What to Know
Coyotes are now raising their pups and can be more territorial as they guard their mates, dens, pups and food sources
As people and their pets spend more time outdoors, the possibility of a coyote encounter increases
Coyotes often follow routines, so if you encounter one, you should avoid the area next time
A 53-year-old man had to get 30 stitches after he was attacked by what may have been a coyote in a New Jersey park earlier this week, officials said.
The man was walking his dog in POW MIA Park in Manchester at about 5 p.m. Wednesday and encountered the wild canine when he followed his pooch into the woods, according to authorities.
The aggressive animal attacked the man without provocation, biting him on both forearms before running off, according to police. His dog, a German shepherd, was not harmed.
The man called a friend for help after the attack, authorities said. He was taken to Ocean Medical Center in Brick, where doctors stitched up his wounds. He will also be administered shots for rabies.
Authorities said that coyotes had been heard yipping and howling in the area in recent days, and that they were setting up snares and traps to capture the animal. No one else saw the animal that attacked the man, police say.
Homeowners in the area should be on the lookout for coyotes and should exercise extra caution with children and pets that might spend time outside.
Coyotes are now raising their pups and can be more territorial as they guard their mates, dens, pups and food sources. Officials issued a public service announcement with tips to stay safe:
- Coyotes can be found in any open space, parks, neighborhoods and even commercial areas. As people and their pets spend more time outdoors, the possibility of a coyote encounter increases.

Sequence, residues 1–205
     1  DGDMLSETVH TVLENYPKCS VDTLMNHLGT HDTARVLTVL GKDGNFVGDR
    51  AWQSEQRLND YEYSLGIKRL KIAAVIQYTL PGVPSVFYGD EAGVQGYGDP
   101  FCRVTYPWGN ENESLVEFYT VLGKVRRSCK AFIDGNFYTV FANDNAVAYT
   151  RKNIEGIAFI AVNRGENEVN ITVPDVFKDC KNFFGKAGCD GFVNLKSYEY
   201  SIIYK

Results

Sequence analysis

- Coyotes may try to escort you out of an area to protect their pups or food sources when you encounter them on a trail. Humans may perceive this behavior as stalking, which is usually not the case.
- Note where and when you have an encounter with a coyote. Coyotes often follow routines. Avoid this area in the future if the encounter was negative.
- They may also view your pet as prey.
- Never feed coyotes—it is illegal to feed coyotes in most places. Feeding endangers your family and neighbors as it lures coyotes into neighborhoods.
- Keep unattended cats and dogs indoors or in completely enclosed runs, especially at night, and do not assume that a fence will keep a coyote out of your back yard.
- Accompany your leashed pet outside. Make sure you turn on lights if it is dark to check your back yard for unexpected wildlife.
- Keep dogs on short leashes while walking outside; the Division of Wildlife recommends a leash no longer than 6 feet.
- Leave noisemakers on hand to scare away coyotes that may enter your yard, such as whistles and horns.
- Don't run away or turn your back on a coyote.
- Do not allow a coyote to get in between you and your pet or child—keep children close to you.
- Yell, clap hands, blow a whistle and try to make yourself look larger if you have a close encounter with a coyote.